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Sex education in the United States is complicated. One example: For decades, the United States invested billions into abstinence-only programs. Eventually, schools rejected government funding for these programs and pushed a more comprehensive and medically accurate agenda. Even with progress, schools across the country continue to reckon with a legacy of inaccuracy. And the government is still funding abstinence-only programs. It’s bad news for students, and for founder of Lessonbee Reva McPollom, a change is long overdue. She can personally vouch for how non-comprehensive education in health classes can isolate students. As a child, McPollom said she was called a tomboy and felt confused because she identified as a female. There was no lesson teaching the danger of gender stereotypes and norms. “I felt wrong for liking sports, for wanting to play drums, I felt wrong for everything that I loved or liked or attached myself too as part of my identity,” she said. The silent suffering, she says, continued through high school: “If you look at my senior yearbook, like I’m not even in it, I just totally erased myself by that point.” Reva McPollom, the founder of Lessonbee (Image Source: Lessonbee) After working as a journalist, digital marketer and a software engineer, McPollom returned to her past with a new idea. She founded Lessonbee, a more comprehensive health education curriculum provider to express diverse scenarios in schools. The company’s goal is to help students avoid what she had to go through: missing out on the joy of education and feeling worthy enough to learn. The company sells a curriculum that covers a range of topics, from sex education to race to mental health, that integrates into existing K-12 school districts as a separate standalone course. The topics themselves then break down into smaller focus areas. For example, with the race unit launching soon Lessonbee will tackle the effects of race and ethnicity on quality of care, maternal health and food insecurity. Lessonbee has hundreds of educational videos and interactive lessons created by teachers and the company, updated regularly. Each lesson also comes with a downloadable guide that describes content, objectives and recommendations for homework and quizzes. Lessonbee gives a guide for how to create culturally inclusive education, in line with standards put out by National Health Education and National Sexuality Education. Image Source: Lessonbee “It needs to meet all types of kids, regardless of where they’re at,” McPollom said. One example scenario in the curriculum includes a student who starts having sex and then misses her period. Learners are then responsible for choosing what to do next, who to talk to and what they should do next time. It’s a “choose your adventure”-style learning experience. Students can log onto the platform and take self-paced classes on different health units, ranging from sex education to mental health and racism. The lessons are taught through text-message scenarios or gamified situations to make sure students are actively engaging with the content, McPollom tells TechCrunch. Image Source: Lessonbee State policy regarding education is often a nightmare of intricacies and politics. This is part of the reason so few startups try to solve it. If Lessonbee were to pull off its goal, it would initiate bigger conversations around racism and health into a kid’s day-to-day. McPollom is currently pitching the service to school districts, which have tight budgets, and venture capitalists, who say they are open for business. So far, the company has 600 registered schools on its platform. “It’s a non-core academic subject so it’s the last priority, and there’s just inequity all over the place,” she said. “There’s a mismatch of privacy policies across the United States handled differently and it kind of dictates the quality of health education that you’re going to receive.” Lessonbee subscription is priced low to be more accessible, starting at $16 per learner annually. Individual courses start at $8 per learner annually. Today, McPollom announced that she has raised $920,000 in financing. As for the future, McPollom views her go-to market health class strategy as Lessonbee’s “Trojan horse.” She wants to integrate the culturally diverse curriculum into social studies or science classes, and cover how interconnected the subjects are and their ties to inequity and health. McPollam says the team is developing an anti-racism course to introduce for the fall in the wake of the recent protests against police brutality. Topics in the anti-racism course include the effect of race and ethnicity on quality of care, ways racism impacts maternal health and structural racism and food insecurity. “We’re hoping to evolve to this idea of health across the curriculum,” she said. “For health to be effective, for you to actually move the needle, health needs to be holistic.”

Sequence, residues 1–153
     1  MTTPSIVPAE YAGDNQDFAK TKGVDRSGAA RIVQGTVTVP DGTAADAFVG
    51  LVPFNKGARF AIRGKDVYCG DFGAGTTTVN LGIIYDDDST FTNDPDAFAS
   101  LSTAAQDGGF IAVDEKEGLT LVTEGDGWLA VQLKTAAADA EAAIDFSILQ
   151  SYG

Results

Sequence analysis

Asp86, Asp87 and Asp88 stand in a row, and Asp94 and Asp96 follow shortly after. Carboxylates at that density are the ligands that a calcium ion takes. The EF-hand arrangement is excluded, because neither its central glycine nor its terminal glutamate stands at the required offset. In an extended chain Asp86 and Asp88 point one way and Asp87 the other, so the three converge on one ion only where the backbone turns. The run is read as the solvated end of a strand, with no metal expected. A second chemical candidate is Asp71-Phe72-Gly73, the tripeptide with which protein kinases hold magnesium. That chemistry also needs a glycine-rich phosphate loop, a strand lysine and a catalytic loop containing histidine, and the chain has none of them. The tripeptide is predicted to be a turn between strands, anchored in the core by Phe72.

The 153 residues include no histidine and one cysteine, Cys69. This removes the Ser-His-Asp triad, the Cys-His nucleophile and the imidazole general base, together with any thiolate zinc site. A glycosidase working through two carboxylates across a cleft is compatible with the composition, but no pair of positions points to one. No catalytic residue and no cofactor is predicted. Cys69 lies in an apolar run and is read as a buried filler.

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NASA has laid the groundwork for an order of up to six additional SLS solid core booster rockets, from supplier Northrop Grumman, the agency announced this week. The six additional boosters would join the existing three that NASA previously locked in for use on Artemis 1, Artemis 2 and Artemis 3, which includes the targeted 2024 mission that will bring the next American man and the first American woman to the lunar surface. While this is essentially a long-lead declaration of intent to help partner Northrop Grumman ensure its supply pipeline can supply the additional boosters in a timeline needed by NASA, rather than an actual order for the boosters themselves, it’s still a big step with a potential total contract value of $49.5 million, with initial funding unlocked now. The schedule currently calls for those additional boosters to be delivered sometime before December 31, 2030, to provide some kind of idea about when Artemis missions 4-9 might potentially actually fly. Solid boosters are used with the SLS (Space Launch System) in pairs, with one on each side flanking the SLS Core stage to provide around 75% of the total thrust power used during the take-off phase of its launch. They essentially take their design from those used during the Space Shuttle program, but with added oomph to help the heavier and larger SLS out of Earth’s atmosphere and into space. NASA has also been in the process of procuring new RS-25 engines and core stages needed for missions in the Artemis program beyond the initial three, and continues to prepare for Artemis 1, with the rocket assembly process for that at the point where the boosters are nearly ready to stack. Artemis 1 is currently targeting a November 2021 timeframe for launch.